Bunchgrasser’s World

My unique filter on life

Portland Marathon – 4:33:53

Posted by bunchgrasser on October 6, 2008

Yeah baby! I’m a marathoner now…

After more than a year of training and several frustrating injuries, I finally completed my first marathon on Sunday. My 4:33:53 finishing time isn’t likely to impress anyone, but I’m savoring the accomplishment nonetheless. My average per-minute pace was 10:27 and I placed 3746 out of 7498. Not too bad for a first-timer with a knee injury.

My status was questionable right up until the night before due to my sore knee. As I’ve documented on this blog – I acquired my sore knee on an 18 mile benchmark run many weeks ago and it has been slow to heal. I was leery of running such a long distance with knee pain, but at the same time I would have been crushed to miss the Portland Marathon again this year.

So, I showed up at the start line at 6:30am on Sunday morning. I stood in a long line to take my turn in the portable john. It was still kind of dark and cool but not cold. I wore an old white long sleeve t-shirt over my black Dri-Fit short sleeve running shirt. I ended up tossing the sleeves in mile 2 after I warmed up a little. I stepped into the sea of runners somewhere in the 3rd or 4th wave and waited for the starting horn. I had 2 GU gels (Espresso Love – naturally) and my Ipod Nano with exactly 4 hours and 30 minutes of music designed to keep me in “the zone”. I also tucked a $20 bill and my cell phone into my Ipod armband just in case I needed to be rescued somewhere along the course.

The first 5 miles went fine with a short loop downtown and then up Front Avenue to Barbur Blvd and then back. From there the course took us out Front Avenue into the industrial sector with the turnaround point at mile 9. This area is not exactly “scenic” but there were lots of supporters along the course cheering and plenty of drink stations. As I recall, the first of several Gummi Bear stations was in this area as well. I’m normally not a big fan of Gummi Bears, but on this day I was tossing em’ down.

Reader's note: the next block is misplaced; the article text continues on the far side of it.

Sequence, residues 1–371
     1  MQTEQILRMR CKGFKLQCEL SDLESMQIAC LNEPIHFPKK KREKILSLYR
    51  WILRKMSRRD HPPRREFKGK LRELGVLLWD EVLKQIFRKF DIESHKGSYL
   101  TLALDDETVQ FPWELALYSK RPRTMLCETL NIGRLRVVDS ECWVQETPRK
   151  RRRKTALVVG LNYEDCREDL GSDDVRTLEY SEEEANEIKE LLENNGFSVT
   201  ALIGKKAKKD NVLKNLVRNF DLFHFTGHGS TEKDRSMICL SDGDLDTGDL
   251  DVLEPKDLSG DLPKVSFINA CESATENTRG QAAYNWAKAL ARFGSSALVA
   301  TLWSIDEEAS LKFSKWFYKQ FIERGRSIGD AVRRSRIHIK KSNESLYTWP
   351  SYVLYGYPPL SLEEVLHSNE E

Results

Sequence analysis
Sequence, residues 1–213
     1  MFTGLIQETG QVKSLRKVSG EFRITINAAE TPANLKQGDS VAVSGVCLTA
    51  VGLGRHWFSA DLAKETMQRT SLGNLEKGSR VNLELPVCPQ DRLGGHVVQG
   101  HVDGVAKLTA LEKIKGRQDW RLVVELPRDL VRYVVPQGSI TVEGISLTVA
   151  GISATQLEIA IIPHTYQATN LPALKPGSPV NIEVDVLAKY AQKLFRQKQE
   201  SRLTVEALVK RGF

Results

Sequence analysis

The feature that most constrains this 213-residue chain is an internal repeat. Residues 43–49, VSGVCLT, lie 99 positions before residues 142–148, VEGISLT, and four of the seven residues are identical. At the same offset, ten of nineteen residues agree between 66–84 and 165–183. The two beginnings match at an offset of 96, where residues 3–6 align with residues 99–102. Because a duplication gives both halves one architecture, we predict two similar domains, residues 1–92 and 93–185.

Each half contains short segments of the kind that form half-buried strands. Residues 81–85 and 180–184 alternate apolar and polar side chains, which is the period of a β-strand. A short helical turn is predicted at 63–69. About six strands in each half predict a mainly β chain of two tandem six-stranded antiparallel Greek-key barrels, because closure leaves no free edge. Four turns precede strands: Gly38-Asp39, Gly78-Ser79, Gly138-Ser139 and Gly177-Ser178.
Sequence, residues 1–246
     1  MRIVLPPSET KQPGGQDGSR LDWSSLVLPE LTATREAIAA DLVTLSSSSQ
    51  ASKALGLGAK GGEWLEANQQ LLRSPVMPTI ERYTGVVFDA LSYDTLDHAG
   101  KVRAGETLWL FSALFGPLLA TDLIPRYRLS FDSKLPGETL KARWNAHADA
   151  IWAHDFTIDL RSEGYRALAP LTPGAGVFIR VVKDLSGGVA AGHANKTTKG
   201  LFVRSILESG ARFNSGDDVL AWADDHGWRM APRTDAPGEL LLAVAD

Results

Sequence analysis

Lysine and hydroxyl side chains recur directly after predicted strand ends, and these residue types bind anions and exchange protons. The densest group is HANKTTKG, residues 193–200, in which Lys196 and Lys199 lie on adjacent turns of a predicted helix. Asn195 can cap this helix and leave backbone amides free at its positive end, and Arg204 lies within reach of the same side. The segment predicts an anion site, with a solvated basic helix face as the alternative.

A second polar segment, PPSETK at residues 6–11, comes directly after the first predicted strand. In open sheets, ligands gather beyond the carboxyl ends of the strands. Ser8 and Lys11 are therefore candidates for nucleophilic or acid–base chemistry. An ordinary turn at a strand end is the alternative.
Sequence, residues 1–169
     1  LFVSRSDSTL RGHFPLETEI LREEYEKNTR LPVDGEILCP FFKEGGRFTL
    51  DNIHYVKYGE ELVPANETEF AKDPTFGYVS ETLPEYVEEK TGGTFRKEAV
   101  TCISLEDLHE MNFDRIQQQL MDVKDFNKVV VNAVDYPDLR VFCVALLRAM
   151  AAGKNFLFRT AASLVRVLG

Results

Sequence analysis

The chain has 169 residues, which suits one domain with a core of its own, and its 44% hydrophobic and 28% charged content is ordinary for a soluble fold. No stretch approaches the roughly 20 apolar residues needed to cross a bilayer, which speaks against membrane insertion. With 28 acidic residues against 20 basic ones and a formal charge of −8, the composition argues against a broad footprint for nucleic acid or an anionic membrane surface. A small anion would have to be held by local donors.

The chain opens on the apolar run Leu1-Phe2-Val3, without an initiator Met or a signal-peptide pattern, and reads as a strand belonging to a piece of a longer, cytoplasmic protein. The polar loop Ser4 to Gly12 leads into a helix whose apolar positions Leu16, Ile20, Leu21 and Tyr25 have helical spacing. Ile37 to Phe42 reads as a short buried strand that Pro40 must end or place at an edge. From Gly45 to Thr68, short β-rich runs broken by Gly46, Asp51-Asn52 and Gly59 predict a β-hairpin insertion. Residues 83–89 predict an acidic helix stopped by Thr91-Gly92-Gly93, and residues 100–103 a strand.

I have to say that putting my name ‘Danny” on my bib was a great idea. I lost count of how many times supporters yelled my name along with some encouraging words. I’m sure if you’ve ran a few marathons this type of support isn’t important – but I can tell you assuredly that it helped me. So, I smiled, waved and enjoyed the sites along the way. Aside from guys peeing behind trees and some girls peeing behind trucks, the scenery was interesting and kept my mind off my knee.

At around mile 11 we left Front Avenue for a short tour of NW Portland which eventually dropped us onto St. Helens Road around mile 13. Now all had been going well up to this point. My knee was sore and achy but not causing any serious problems. I don’t know when I noticed but it had started raining and my shoes were pretty soaked at this point. I knew the blisters would come – but I couldn’t afford to think about anything negative. I recall dodging puddles and cussing the strong headwind on the long slog toward the St. Johns Bridge. I had been warned that you can see the bridge from the distance, but it is deceptively far away.

By the time I passed mile 16 and saw the long, steep ramp that takes you up onto the St. Johns Bridge, my knee had definitely taken a turn for the worse and was really bothering me. I could see that the majority of people were walking up the ramp but I continued a slow jog until the last 100 feet where I started walking also. It saved my knee and gave me a minute to reflect on where I was on the course. I made the turn onto the bridge and focused on getting to mid-span. I knew that once I made it over that bridge I would finish the race. There would be no quitting and no turning back. I just knew it. Heading down the other side of the bridge was an amazing feeling. I got a serious mental lift and felt like I had energy to spare. I even had enough energy to pump my fist and yell something incoherent as I passed a videographer while making the turn onto Willamette Blvd. Yeehaw! I made it past the bridge and it would be smooth sailing from here on out. Little did I know what would come in the next mile…